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Curveball Help

May 9, 2014
1
0
I just finished up my freshman year pitching at a small college. We have a paid head coach and 2 volunteer helpers. Anyhow my first year was tough, a lot harder than HS. Late in the year my HC told me my curve was not breaking late or sharply. She said it was "sliding" more than breaking and that it needed more late break, a lot of my curves ended up outside. She also told me she really couldn't help me much. Neither volunteer coach could help much either. So, long story short I found this place. Glad my semester is over. ;)

I was told that my arm motion should go pocket to pocket, and that I should keep my pitching arm close to my body. I've tried that, but is there anything else I should keep in mind when throwing a curve ball to get a good sharp break? I don't have any videos. Thank you.
 
Dec 16, 2010
164
18
Sep 5, 2019
3
1
I saw that video somewhere from fatpitchnut and he called it the corkscrew curve. Is that the same thing as a palm up curve? I had been trying to figure out the differences between them and didnt really have much to go by.
 
May 15, 2008
540
28
Cape Cod Mass.
What's important is how the ball spins. How you hold it and how you throw it are all designed to get a certain spin. If you can't recognize the spin you won't know if what you are doing is working. A good palm up curve should have horizontal spin. I consider corkscrew spin to be bulletspin and it will not produce as much break, depending on how 'tipped' the axis is it might not break at all. I use balls with dime size spots on them to help my pitchers recognize the spin. Once you can see the spin on the ball then you can play around with grip, finger pressure, release point, etc and get the correct spin. Once you get right spin then you can work on increasing the RPM's. When I teach the palm up curve I usually start with the overhand curveball. This allows the student to feel the ball coming off the side of the index finger and the turning of the wrist. We move from that to the palm up action from the sling shot position. The SS motion allows the pitcher to stay sideways and get the palm up.
 
Sep 5, 2019
3
1
Ok thank you so much. That is kinda what i was thinking as well. We have a ball with a stripe. And we also have a double ball. We have been working on a palm up curve...but have only just started to add that pitch recently. (My daughter is in her first season of 14u and shes been pitching since age 9....and has focused solely on fastball, changeup and drop ball until now. ) I saw that video though and in some ways it seemed like it might be a little easier but i wasnt sure if corkscrew was the true 9-3 we were wanting or if corkscrew was more of a bullet spin. So you helped me make a decision. I agree bullet spin is what we want to avoid. Thanks so much!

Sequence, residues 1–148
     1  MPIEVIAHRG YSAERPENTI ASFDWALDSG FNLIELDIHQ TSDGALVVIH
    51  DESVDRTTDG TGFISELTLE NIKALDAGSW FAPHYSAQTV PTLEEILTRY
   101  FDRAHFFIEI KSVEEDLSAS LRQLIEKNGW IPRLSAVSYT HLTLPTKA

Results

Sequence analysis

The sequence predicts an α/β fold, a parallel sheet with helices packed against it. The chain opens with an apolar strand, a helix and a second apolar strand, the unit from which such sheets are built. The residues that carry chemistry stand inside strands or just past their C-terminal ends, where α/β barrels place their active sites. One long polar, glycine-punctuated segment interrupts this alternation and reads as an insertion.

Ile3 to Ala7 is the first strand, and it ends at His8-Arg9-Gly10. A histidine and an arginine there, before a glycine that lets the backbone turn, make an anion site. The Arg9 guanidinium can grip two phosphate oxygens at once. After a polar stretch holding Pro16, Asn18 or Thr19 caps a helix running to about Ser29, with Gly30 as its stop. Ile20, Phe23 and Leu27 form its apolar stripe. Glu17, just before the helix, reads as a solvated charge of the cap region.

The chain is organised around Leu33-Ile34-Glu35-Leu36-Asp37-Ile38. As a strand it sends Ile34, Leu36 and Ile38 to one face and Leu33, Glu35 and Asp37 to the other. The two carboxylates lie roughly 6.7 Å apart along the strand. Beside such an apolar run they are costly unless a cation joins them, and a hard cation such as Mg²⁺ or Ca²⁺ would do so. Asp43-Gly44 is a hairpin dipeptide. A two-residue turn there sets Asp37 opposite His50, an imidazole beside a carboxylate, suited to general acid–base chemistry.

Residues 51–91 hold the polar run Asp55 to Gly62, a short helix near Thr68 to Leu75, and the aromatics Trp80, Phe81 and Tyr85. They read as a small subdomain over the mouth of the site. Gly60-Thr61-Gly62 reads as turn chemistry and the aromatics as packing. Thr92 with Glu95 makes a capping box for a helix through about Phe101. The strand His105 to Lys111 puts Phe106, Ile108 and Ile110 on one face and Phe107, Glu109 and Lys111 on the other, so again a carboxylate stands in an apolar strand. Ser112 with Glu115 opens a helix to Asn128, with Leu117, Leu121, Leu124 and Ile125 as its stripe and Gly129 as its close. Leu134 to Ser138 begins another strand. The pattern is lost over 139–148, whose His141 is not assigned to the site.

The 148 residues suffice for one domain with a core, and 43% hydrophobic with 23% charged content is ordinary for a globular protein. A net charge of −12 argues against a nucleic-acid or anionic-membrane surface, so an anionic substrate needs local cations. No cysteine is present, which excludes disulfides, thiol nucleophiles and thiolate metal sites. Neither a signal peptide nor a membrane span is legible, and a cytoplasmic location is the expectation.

Feb 11, 2015
3
1
What's important is how the ball spins. How you hold it and how you throw it are all designed to get a certain spin. If you can't recognize the spin you won't know if what you are doing is working. A good palm up curve should have horizontal spin. I consider corkscrew spin to be bulletspin and it will not produce as much break, depending on how 'tipped' the axis is it might not break at all. I use balls with dime size spots on them to help my pitchers recognize the spin. Once you can see the spin on the ball then you can play around with grip, finger pressure, release point, etc and get the correct spin. Once you get right spin then you can work on increasing the RPM's. When I teach the palm up curve I usually start with the overhand curveball. This allows the student to feel the ball coming off the side of the index finger and the turning of the wrist. We move from that to the palm up action from the sling shot position. The SS motion allows the pitcher to stay sideways and get the palm up.
Could you post a picture of the spots on the ball please
 
May 15, 2008
540
28
Cape Cod Mass.
I just take a marker and draw the spots, there is no pattern. I used to darken the seams, make them black, but that didn't help much. I find that using a line on the ball is also difficult, especially for beginners.
 
May 15, 2008
540
28
Cape Cod Mass.
Ok thank you so much. That is kinda what i was thinking as well. We have a ball with a stripe. And we also have a double ball. We have been working on a palm up curve...but have only just started to add that pitch recently. (My daughter is in her first season of 14u and shes been pitching since age 9....and has focused solely on fastball, changeup and drop ball until now. ) I saw that video though and in some ways it seemed like it might be a little easier but i wasnt sure if corkscrew was the true 9-3 we were wanting or if corkscrew was more of a bullet spin. So you helped me make a decision. I agree bullet spin is what we want to avoid. Thanks so much!
You should give the corkscrew curve a try, if you can tip the axis up a little you might get enough horizontal spin to get some break. The corkscrew will probably have more velocity, palm up curves tend to be slow, so they will be different pitches. You might also experiment with a rollover curve where the fingers point down when they turn the ball. I like to let my pitchers try several different ways to spin the ball and then work on whichever method seems easiest for them.
 

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